About The 16th Man
Rugby has long been viewed in South Africa as a game for the white population, and the country's success in the sport has been a true source of Afrikaner pride. When the 50-year-old policies and entrenched injustices of apartheid were finally overthrown in 1994, Nelson Mandela's new government began rebuilding a nation badly in need of racial unity. So the world was watching when South Africa played host to the 1995 Rugby World Cup. Though they had only one non-white player, the South African Springboks gained supporters of all colors as they made an improbable run into the final match where they beat the heavily favored New Zealand team.
When Mandela himself marched to the center of the pitch cloaked in a Springbok jersey and shook hands with the captain of the South African team, two nations became one. Oscar winner Morgan Freeman and director Cliff Bestall will tell the emotional story of that cornerstone moment and what it meant to South Africa's healing process.
Nelson Mandela is a hero of mine. His personal story has inspired millions across the globe to take action and make our world a better place. While many know that Mandela was born into a pre-apartheid South Africa, survived decades of imprisonment only to emerge as the President of South Africa, not everyone knows the story behind how Mandela ultimately re-united the nation of South Africa.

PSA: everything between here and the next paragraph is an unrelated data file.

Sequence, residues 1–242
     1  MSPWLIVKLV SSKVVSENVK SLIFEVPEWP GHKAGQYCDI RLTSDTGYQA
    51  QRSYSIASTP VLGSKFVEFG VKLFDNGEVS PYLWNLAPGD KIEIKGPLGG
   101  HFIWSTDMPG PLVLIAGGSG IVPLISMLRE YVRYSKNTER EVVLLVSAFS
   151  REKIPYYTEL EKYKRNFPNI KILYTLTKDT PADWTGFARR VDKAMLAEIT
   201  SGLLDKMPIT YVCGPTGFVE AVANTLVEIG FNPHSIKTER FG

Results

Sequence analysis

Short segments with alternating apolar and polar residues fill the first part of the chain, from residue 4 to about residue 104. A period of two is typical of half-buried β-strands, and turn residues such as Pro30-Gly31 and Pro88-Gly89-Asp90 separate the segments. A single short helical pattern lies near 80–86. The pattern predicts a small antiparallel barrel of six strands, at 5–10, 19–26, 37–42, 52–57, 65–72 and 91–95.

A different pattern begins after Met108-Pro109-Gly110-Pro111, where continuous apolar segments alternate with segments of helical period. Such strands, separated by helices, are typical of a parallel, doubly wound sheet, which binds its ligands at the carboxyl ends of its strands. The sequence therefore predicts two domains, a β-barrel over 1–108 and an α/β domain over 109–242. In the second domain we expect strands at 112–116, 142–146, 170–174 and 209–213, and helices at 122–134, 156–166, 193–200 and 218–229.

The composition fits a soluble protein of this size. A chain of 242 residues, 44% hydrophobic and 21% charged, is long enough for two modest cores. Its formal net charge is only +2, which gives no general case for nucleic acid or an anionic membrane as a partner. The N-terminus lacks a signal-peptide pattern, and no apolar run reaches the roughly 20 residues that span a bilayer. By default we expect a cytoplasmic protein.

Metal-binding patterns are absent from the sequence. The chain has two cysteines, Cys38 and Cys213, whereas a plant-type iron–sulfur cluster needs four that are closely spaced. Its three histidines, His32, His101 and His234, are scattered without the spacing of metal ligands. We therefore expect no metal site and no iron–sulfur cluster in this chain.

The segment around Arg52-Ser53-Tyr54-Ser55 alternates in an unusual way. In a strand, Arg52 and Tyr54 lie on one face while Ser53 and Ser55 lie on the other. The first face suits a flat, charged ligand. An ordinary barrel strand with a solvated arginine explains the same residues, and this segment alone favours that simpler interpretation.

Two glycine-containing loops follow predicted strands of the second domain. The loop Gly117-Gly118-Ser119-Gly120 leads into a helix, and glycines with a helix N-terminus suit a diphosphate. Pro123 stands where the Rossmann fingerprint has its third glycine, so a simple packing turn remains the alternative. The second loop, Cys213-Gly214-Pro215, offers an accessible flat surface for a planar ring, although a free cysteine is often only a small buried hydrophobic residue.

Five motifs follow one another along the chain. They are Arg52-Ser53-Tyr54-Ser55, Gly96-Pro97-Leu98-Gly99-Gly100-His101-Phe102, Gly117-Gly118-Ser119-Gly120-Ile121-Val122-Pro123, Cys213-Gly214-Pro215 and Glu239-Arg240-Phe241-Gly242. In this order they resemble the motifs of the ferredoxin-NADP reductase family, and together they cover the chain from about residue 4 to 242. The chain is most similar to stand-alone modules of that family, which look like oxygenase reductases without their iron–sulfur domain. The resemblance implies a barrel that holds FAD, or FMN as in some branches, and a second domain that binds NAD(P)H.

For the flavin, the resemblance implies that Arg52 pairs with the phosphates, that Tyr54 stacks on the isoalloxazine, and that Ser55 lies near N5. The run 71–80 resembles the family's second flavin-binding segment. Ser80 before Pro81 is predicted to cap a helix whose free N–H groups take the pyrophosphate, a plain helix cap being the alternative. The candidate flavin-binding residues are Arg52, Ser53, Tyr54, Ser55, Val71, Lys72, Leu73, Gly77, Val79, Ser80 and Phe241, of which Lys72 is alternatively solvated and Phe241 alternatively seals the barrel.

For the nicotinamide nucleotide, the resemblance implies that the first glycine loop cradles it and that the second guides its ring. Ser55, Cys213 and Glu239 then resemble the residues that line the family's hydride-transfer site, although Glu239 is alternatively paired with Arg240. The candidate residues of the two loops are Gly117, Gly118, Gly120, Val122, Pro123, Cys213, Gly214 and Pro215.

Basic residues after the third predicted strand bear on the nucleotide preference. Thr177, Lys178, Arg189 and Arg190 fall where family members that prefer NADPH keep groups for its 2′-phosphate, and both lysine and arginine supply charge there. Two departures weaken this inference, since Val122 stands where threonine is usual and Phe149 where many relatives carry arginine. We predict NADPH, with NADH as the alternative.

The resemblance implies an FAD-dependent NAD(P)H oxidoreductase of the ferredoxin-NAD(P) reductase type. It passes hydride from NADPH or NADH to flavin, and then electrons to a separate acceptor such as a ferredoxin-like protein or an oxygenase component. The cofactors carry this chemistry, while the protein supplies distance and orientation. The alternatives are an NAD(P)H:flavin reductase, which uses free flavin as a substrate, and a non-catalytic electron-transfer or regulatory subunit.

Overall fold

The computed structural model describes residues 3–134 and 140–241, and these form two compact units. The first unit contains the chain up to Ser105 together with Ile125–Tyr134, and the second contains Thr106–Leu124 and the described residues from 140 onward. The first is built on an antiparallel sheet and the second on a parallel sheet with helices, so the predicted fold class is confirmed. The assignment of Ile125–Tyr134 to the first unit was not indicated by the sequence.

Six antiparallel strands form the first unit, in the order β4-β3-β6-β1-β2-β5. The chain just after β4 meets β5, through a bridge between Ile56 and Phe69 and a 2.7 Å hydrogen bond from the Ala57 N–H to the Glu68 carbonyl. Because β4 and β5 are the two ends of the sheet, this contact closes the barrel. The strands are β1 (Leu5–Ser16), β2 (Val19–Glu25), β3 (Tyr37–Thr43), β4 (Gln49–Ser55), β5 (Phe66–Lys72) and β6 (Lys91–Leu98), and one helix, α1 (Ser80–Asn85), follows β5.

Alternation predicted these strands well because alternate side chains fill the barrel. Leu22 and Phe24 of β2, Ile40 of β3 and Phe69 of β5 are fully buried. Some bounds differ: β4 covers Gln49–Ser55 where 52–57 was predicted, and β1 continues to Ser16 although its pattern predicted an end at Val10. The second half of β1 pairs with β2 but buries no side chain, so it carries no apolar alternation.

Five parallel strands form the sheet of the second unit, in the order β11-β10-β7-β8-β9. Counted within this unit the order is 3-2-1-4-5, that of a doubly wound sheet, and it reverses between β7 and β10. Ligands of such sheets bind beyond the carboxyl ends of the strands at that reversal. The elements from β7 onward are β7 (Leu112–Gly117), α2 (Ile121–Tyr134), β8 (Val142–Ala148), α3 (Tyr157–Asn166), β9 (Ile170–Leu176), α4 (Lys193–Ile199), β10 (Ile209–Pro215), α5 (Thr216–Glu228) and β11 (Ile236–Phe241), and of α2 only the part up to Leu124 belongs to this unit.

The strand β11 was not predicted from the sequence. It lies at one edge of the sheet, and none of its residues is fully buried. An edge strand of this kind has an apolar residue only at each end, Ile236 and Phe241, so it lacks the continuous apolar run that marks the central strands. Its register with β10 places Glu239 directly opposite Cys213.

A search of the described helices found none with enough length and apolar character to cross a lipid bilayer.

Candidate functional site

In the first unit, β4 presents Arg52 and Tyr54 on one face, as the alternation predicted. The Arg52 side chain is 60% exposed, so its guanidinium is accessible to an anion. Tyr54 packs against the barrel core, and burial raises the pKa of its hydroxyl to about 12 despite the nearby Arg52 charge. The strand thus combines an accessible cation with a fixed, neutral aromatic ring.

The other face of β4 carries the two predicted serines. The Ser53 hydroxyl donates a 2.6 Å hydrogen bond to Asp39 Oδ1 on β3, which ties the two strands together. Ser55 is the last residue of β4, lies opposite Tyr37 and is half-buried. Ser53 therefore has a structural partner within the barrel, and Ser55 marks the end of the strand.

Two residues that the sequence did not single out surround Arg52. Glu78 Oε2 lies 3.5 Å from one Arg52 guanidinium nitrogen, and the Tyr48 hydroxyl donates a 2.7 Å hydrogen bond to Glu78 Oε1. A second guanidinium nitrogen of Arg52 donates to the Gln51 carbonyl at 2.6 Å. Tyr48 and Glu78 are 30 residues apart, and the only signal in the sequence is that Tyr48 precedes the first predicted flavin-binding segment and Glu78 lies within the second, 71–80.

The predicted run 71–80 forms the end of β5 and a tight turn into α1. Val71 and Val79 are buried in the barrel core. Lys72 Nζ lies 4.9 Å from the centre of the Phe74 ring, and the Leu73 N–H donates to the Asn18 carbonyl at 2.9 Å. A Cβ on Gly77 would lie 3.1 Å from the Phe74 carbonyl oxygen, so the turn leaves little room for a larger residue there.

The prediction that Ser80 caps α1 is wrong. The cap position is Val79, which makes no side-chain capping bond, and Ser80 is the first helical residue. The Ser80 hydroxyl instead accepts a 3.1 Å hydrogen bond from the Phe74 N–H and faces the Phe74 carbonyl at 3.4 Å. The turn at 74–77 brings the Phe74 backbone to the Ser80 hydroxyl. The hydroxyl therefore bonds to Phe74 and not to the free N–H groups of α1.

I am passionate about the 1995 Rugby World Cup and its effect on South Africa as a turning point in the nation's history. We will chronicle how Mandela used rugby to heal a deeply divided nation when traditional politics failed. Put simply, sport transformed a country and undoubtedly saved lives. As Mandela said best, "Sport has the ability to change the world. It has the power to inspire, the power to unite people that little else has ... It is more powerful than governments in breaking down racial barriers."
At the conclusion of the World Cup, celebrations in the streets spoke to the start of reconciliation that many in South Africa feared would never happen. The Springboks became the country's team -- a country newly united, marching into the 21st century.
What's Everyone Saying?
Clifford Bestall has built a wide international reputation as a director of award-winning socio-political and wild-life documentaries.
Since the late 80's, during the final phase in the struggle against apartheid, he began shooting and directing long-form documentary films on what was heppening in the country for the BBC. In 2001, BBC Worldwide distributed "Killers Don't Cry" which was screened by 84 broadcasters. It went on to win two Grierson Awards, made by the British Guild of Directors for the best documentary shown on British television.
In 1986, he had co-produced WGBH Frontline's Apartheid's People, which won a Peabody Award and directed the series The Long Walk of Nelson Rolihlahla Mandela which was nominated for an Emmy. To date he has made no less than five films about Nelson Mandela.
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